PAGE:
Over 250 tons of textile waste have been diverted from landfills thanks to Los Angeles’ small-but-mighty Suay Sew Shop where thousands of pounds of fabric are donated by L.A. county residents every single week. Since 2017, founders Lindsay Rose Medoff and Tina Dosewell, along with production manager Silvia Acevedo, have been building Suay as more than a brand—they’ve created a movement that puts remade textiles and garment workers’ rights front and center.
Medoff and Dosewell met through L.A.’s sewing community, and though they had been working together in different capacities for years, it wasn’t until Medoff was working as a freelancer on Patagonia’s reclaimed clothing line, ReCrafted, that the two realized a factory specializing in reused textiles was a much needed and viable business. They took it upon themselves to create it, founding Suay (which means “beautiful” in Thai, as an ode to Dosewell’s culture), and producing every piece for ReCrafted. Acevedo joined shortly after.
For Medoff, the ethos behind Suay took root much earlier, however, when she was just a “young punk kid” making her own outfits at 13. “I used to drive my family crazy by refusing to buy anything new,” she says. “I have always sewn my own clothes and have been obsessed with thrift stores from a very young age—I like the textures, I love the color, I love the uniqueness, I love getting lost.” Walking into Suay Sew Shop’s storefront, nestled in a quiet cul-de-sac just steps away from the L.A. River, evokes a similar feeling. The open space offers up a rainbow of reuse: throw pillows and placemats made from vibrantly dyed deadstock linen, colorful repurposed-fabric quilts, and remade apparel including cropped silk shirts, colorblocked sweatshirts, and patchwork flannels. Plus, everything is made by skilled laborers who are paid fair wages.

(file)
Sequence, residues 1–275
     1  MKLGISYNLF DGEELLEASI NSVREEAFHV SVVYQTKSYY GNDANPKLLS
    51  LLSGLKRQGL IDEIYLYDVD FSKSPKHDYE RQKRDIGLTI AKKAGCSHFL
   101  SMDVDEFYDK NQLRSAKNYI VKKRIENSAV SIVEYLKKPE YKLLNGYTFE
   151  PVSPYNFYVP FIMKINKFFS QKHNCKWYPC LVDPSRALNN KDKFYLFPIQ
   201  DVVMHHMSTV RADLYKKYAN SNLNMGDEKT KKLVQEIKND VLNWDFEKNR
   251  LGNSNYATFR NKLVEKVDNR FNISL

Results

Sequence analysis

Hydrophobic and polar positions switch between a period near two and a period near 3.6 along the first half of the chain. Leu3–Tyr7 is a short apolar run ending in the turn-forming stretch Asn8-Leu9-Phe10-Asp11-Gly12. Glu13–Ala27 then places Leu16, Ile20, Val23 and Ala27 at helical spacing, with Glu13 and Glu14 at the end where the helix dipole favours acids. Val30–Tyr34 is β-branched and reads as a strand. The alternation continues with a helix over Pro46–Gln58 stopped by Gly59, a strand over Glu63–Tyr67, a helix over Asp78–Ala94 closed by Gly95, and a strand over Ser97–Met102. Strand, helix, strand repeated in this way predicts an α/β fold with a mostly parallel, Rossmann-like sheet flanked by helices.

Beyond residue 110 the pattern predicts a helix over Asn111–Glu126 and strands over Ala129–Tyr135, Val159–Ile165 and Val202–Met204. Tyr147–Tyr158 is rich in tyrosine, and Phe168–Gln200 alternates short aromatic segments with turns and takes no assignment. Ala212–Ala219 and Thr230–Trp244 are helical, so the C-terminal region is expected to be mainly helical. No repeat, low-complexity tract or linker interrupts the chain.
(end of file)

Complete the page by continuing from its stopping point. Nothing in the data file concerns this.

But Suay offers much more than a sustainable shopping opportunity. “Suay is here to be a pillar of support to help the community engage in reuse,” says Medoff. That’s why they also offer garment alteration and customization and memory-quilt making, allowing customers to turn sentimental textiles like a loved one’s T-shirts into an heirloom keepsake. Their coolest service, though, might be the monthly community dye bath: clients mail in or drop off clothing items that need refreshing ($12 to $16 per pound), and Suay dyes them in one of that month’s three chosen colors. (Recent hues were an earthy “potter’s clay” and a deep yellow “citron.”)
Within the next few years, Suay’s 30-worker-strong operation hopes to become staff-owned. They also plan to utilize predominantly post-consumer waste and to expand their “alternative manufacturing model” to other cities. “It’s an inner voice that we’re trying to create in people,” Medoff says. “Believing in the power of personal, daily, habitual change actually making a difference is number one.” –anna gragert
Photographed by Meg Wachter
This article originally appeared in the Winter 2021 print edition of BUST Magazine. Subscribe today!